Our Promises Delivered

I want to bring you up to date with the progress of our government, for in this age of rapid communications, of AI-driven technology, where misinformation is so easy to manufacture and disseminate, it is important that you hear the facts from authoritative sources- that is from us in the Government who are creating the policies and taking decisions that are putting the people of Saint Lucia first.

When we assumed the mantle of government on 26 July 2021, we made two solemn promises to the people of Saint Lucia. Firstly, we vowed to always Put the People First in our decision-making process in government. And secondly, we promised to govern on the principles of accountability, transparency, truth, and integrity, which are pillars of good governance and democratic institutions.

We inherited a floundering economy in the midst of the Covid-19 pandemic with all economic indicators trending towards economic disaster. As a precondition for reshaping the country, we had to stabilize the finances of the country and place the public debt on a sustainable path.

We successfully implemented a series of policy measures to achieve these broad goals while protecting the most vulnerable amongst the population.

Recognising the leading role of tourism as the main driver of economic activity we re-energized and repositioned the tourism sector- by re-introducing the Saint Lucia Jazz and Arts Festival, increased our airlift capacity, and vigorously promoted Community-based Tourism, which has resulted in tourist arrivals nearing pre-Covid-19 levels, with March 2024 being Saint Lucia’s best month on record.

To generate employment for the Youth; we established the Youth Economy Agency to provide funding for over 3,000 young Saint Lucians to help them turn their hobbies into entrepreneurship and skills into viable business ventures. We also establish the semi-professional football league to support youth employment, and youth personal development and to contribute to crime prevention in at-risk communities.

We consider education to be a right and not a privilege, and to expand educational opportunities for all, we provided significant increases in scholarships for students, in keeping with our One University Per Household Policy, and provided a laptop to every secondary student under our One Laptop Per Child Policy and paid facilities fees.  We provided direct educational support to students, teachers, and parents as well.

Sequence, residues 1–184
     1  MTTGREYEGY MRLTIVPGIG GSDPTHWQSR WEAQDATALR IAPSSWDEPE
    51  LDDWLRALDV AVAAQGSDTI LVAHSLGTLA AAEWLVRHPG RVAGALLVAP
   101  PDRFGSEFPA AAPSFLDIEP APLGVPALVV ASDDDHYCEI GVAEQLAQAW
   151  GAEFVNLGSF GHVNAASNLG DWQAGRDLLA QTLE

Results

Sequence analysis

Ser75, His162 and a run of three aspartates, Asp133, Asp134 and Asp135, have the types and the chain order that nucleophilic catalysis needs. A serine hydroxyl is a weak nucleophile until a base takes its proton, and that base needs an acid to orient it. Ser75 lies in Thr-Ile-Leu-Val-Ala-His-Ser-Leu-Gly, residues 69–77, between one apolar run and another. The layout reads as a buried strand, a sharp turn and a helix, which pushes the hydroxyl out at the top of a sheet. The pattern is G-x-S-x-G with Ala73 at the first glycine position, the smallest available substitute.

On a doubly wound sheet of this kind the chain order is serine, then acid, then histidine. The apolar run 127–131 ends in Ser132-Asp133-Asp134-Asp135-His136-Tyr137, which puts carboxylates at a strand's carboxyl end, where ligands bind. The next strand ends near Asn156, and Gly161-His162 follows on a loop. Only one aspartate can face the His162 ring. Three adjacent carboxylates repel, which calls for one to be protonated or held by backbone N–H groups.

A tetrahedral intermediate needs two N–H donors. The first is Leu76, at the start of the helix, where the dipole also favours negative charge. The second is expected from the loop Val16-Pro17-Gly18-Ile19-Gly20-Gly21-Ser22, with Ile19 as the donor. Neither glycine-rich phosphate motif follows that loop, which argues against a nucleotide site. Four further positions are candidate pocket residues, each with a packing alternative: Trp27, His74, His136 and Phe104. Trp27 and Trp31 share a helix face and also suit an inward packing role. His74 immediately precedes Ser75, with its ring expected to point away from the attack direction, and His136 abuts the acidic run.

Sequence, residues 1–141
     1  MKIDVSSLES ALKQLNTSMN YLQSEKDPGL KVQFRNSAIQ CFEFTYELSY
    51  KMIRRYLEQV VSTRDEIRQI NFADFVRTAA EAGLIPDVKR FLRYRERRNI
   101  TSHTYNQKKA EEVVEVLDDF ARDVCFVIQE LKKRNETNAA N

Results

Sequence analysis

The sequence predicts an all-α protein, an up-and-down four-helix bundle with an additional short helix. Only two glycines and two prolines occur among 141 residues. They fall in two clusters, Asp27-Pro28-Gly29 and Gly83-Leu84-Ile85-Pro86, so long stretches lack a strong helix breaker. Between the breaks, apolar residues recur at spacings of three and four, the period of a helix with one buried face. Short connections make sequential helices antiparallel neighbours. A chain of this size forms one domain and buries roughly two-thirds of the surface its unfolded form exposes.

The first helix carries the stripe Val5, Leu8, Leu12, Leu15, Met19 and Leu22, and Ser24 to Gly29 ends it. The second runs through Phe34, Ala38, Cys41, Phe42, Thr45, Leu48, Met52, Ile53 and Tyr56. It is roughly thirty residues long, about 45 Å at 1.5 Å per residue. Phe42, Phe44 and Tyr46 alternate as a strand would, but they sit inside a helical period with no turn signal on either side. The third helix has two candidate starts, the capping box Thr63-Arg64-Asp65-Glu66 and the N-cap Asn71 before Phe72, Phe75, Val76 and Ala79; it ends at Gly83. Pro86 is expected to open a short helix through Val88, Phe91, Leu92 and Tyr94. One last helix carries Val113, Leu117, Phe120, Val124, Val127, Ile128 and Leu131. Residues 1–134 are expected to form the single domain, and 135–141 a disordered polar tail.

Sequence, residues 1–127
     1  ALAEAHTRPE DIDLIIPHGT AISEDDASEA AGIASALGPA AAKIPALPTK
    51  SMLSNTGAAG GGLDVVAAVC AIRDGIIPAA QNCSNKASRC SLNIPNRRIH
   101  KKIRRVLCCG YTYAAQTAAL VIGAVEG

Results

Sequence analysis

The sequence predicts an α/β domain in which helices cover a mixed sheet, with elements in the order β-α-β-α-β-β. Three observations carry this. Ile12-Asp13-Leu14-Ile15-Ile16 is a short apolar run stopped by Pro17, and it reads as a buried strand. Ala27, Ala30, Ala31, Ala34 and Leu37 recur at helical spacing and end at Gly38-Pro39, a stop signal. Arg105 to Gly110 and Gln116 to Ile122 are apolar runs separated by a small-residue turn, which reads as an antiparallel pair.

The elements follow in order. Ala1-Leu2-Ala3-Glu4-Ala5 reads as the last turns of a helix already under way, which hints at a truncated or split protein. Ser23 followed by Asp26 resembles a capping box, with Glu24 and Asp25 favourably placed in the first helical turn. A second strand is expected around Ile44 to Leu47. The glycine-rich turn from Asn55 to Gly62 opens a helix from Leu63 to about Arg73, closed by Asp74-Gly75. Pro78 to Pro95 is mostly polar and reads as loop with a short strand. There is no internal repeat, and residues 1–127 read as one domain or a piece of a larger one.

The Covid-19 pandemic negatively impacted all businesses, especially the small business sector. To support business recovery, we provided grants and soft loans to hundreds of micro, small, and medium-sized business enterprises, and specifically targeted women in some business support programs.

We provided support to farmers, fishers, and pensioners to help cushion the impact of the pandemic on the country.

To improve the investment climate and to stimulate business activity in the economy, we improved the ease of doing business; implemented tax reforms and tax amnesty to citizens and businesses, and improved the tax refund process for citizens.

We strongly believe that the health of every citizen is important to the productivity and well-being of the nation. And so, we expanded healthcare access for the elderly, pregnant mothers, diabetic and high blood pressure patients with the launch of the first stage of the Universal Health Care (UHC) program. We intend to, as far as practicable, make healthcare more affordable and accessible to all our citizens. 

We re-instated the yearly subvention of $700,000.00 for the Saint Lucia National Trust, which had been withdrawn by the previous administration, to ensure the protection of our national patrimony and the environment. We also reinstated the Distress Fund to provide relief for fire victims of uninsurable dwellings, which had also been discontinued.

We continue to equip law enforcement with the appropriate training and operational equipment to combat crime. However, the issue of violent crime, particularly among our youth involved in gangs, still remains one of our major challenges, and it is no comfort that it is a serious challenge faced by all Caribbean countries. We are committed to fulfilling the primary responsibility of any government which is to ensure citizen security. Therefore, in addition to the operational support, equipment, training, and improvements in infrastructure being given to the Police, earlier this year, I appointed a Minister with responsibility for Crime Prevention to work with all social partners, including political parties, and law enforcement, to develop national crime reduction strategies to address the growing citizen security concerns.